Food for Thought
I’ve been helping my friend Lois Muehl put together a book of poetry she’s written over the past few years. This isn’t her first book, or even her first book of poetry, as she’s been writing for most of her ninety-three years, having sold her first effort at age eight. A retired professor of rhetoric at the University of Iowa, she has published scholarly works, magazine articles, light verse, children’s stories, travel pieces– you name it. You’ve probably chuckled over some of her short witticisms that, over the years, appeared in The Readers’ Digest and other publications. Aside from the University, Lois has also taught in Thailand, California, Korea and China.
At some time, Lois apparently noticed that the pattern of seeds in banana slices resemble a face– a grim face– and she wrote a short poem explaining why they should have such a disgruntled expression. Thinking about it, I have to agree that bananas are treated badly, whacked from their trees still green, shipped long distances in bunches, displayed in grocery stores where produce managers and customers tear them apart into smaller clusters, carted unceremoniously home in grocery bags where they are often hung on banana hooks to further ripen, then have their skins pulled off and are sliced into chunks. It’s no wonder, she concludes, that their faces are grim.
It’s been quite a few years since we heard the Chiquita® banana song on a radio commercial. Do you recall it? It went more or less like this: I’m Chiquita® banana and I’ve come to say/that bananas have to ripen in a certain way./You can put them in a salad/you can put them in a pie-ie-ie./Any way you want to eat them/it’s impossible to beat them./Bananas they have come from the very, very tropical equator,/so you should never put bananas in the refrigerator.
Way back then, I often wondered why it was a no-no to put them in the refrigerator. After all, once they became part of a banana cream pie, they could be refrigerated. And we regularly sliced them over ice cream. Or used them as a base for banana splits. So, what was the big deal about getting them cold? I experimented and discovered that refrigerating them caused the skins to take on a dirty, grayish-yellow color, but since the skins were discarded anyway, who really cared? The positive result of refrigeration was that it slowed down the ripening process so that you could buy more bananas at once and keep them from becoming overripe. I took it one step further and tried freezing them. If frozen in their skins, fully ripe bananas can be easily peeled and mashed to make banana bread. Peeled, cut into big chunks and frozen, they make cooling snacks for kids and other banana lovers, straight out of the freezer. Halved bananas with skewers inserted, frozen, then dipped into melted chocolate or any of those other shell coatings they use for ice cream bars, they make a tasty and more healthful substitute for ice cream.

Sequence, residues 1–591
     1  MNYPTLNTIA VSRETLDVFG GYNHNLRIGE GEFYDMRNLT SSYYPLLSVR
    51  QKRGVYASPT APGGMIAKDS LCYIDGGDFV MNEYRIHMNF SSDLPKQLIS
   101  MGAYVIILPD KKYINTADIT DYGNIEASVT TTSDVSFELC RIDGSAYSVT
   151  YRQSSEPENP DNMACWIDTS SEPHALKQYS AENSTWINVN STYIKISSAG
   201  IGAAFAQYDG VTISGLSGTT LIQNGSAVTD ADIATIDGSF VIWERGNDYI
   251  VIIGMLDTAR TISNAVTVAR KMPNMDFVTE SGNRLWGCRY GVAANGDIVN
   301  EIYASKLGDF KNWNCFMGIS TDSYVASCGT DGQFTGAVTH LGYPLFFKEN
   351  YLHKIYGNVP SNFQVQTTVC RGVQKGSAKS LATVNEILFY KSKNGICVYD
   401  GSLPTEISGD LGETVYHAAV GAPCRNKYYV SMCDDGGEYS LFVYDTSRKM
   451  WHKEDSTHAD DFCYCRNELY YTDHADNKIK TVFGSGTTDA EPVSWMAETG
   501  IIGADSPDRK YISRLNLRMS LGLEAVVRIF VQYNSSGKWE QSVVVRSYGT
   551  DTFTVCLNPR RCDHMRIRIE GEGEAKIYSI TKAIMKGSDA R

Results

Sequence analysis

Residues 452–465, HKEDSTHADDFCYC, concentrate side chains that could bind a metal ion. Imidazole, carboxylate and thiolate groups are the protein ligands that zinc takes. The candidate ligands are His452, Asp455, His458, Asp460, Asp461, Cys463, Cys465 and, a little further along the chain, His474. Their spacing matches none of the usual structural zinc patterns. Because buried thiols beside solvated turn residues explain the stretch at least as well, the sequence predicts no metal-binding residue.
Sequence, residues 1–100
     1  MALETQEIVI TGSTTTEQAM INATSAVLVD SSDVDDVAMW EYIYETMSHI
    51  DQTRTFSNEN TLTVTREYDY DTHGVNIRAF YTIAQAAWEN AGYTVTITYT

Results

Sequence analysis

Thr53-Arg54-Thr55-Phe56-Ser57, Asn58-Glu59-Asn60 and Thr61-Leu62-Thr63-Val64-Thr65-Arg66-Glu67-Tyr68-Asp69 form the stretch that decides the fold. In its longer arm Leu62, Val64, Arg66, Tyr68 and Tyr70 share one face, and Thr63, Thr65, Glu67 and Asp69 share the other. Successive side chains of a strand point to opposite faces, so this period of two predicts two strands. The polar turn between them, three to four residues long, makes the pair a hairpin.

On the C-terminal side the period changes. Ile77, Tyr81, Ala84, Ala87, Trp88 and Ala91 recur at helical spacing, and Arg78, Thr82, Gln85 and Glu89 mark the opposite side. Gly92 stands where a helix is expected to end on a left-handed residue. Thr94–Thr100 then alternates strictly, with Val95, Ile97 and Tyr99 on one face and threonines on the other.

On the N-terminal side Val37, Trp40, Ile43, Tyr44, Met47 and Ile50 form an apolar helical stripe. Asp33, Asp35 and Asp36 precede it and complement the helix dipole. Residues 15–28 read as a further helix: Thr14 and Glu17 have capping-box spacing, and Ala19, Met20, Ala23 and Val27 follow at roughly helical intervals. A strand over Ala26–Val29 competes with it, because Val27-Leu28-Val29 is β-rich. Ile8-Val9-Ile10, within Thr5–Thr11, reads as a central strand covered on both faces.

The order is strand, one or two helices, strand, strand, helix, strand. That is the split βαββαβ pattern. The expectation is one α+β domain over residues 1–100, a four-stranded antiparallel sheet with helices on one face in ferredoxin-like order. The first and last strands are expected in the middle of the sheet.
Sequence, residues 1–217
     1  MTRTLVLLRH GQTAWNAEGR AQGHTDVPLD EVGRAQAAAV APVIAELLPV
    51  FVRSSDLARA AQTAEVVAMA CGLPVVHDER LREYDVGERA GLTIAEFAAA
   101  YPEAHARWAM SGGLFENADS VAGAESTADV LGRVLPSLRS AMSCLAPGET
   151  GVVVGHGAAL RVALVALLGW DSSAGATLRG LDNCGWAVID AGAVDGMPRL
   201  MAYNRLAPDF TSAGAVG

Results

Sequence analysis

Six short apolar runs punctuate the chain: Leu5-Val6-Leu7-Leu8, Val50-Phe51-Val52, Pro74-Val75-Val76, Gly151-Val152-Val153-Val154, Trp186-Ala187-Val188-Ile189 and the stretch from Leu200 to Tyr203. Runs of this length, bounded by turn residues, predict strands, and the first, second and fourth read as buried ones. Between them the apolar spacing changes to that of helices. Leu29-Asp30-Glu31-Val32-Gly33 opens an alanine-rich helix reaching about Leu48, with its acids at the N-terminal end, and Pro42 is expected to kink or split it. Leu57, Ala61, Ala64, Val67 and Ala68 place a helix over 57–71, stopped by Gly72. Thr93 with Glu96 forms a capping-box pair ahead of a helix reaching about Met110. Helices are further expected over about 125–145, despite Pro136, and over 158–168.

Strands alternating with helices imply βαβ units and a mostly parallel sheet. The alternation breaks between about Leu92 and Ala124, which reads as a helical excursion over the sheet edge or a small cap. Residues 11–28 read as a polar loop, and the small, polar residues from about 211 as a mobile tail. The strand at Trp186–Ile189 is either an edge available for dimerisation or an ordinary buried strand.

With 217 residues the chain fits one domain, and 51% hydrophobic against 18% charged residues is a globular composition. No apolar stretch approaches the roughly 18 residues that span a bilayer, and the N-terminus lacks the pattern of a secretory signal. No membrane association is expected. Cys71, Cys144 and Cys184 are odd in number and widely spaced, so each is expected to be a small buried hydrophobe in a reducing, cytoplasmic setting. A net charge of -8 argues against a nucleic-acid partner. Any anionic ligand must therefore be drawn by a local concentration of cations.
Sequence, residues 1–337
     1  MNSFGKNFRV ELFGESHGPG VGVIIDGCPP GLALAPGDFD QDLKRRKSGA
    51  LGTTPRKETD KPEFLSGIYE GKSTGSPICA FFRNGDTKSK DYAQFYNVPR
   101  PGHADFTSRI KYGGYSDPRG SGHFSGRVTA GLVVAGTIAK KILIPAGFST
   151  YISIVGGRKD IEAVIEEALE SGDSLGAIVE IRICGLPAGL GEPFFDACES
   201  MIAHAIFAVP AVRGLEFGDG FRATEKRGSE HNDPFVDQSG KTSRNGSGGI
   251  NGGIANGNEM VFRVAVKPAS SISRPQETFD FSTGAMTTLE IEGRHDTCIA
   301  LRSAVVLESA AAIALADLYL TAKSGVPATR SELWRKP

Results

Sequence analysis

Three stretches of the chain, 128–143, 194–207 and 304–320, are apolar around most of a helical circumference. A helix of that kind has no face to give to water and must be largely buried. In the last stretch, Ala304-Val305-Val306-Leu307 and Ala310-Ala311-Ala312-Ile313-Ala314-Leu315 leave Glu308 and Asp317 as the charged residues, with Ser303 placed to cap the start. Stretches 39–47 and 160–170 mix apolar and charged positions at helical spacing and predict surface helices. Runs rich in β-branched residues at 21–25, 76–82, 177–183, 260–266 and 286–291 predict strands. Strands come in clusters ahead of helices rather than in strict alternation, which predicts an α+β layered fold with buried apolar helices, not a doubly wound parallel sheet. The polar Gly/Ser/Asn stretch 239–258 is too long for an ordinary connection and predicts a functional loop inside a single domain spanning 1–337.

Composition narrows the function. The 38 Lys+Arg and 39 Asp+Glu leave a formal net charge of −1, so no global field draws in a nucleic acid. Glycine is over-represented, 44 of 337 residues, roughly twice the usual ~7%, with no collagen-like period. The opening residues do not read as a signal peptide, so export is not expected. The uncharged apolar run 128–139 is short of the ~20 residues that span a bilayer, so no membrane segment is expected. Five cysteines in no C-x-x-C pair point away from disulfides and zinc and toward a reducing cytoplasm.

As I write this, it has occurred to me that my mother would not have been likely to try any of those things during the 1930s and 1940s when I was a child. Her refrigerator boasted a four-ice-cube-tray freezing compartment that also served as the cooler for the refrigerator itself. The temperature could be adjusted low enough to keep ice cream frozen for a couple hours after it was brought home from the store, but one had to choose between making ice cubes and keeping ice cream. There was also the danger of over-cooling the refrigerator and freezing the lettuce, radishes, cottage cheese and several other things that didn’t take well to frigid temperatures. And no matter how low you turned the temperature control, the ice cream always became soft and runny after just a few hours, so it was looked upon as a special treat right up until my dad decided to buy a deep freeze.
This was a huge chest-type freezer that featured a “sharp freezer” which was a much smaller freezing unit with a much lower temperature than the larger, storage compartment. It was intended for flash-freezing packaged meat, fruits, and vegetables quickly before moving them to the storage part. I don’t know that modern freezers have that feature, since I haven’t investigated the newer ones for several years. It seems to me that there was less freezer burn then than we get today. Maybe we’re supposed to turn down the temperature of our freezer when we first put foods into them to be frozen. That might have the same effect. The problem that immediately jumps to mind for me is that changing the temperature setting in my freezer requires me to remove most of the contents in order to reach the controls that are located at the very back of the freezer. Has anybody ever thought of putting the controls on the outside? Just wondering.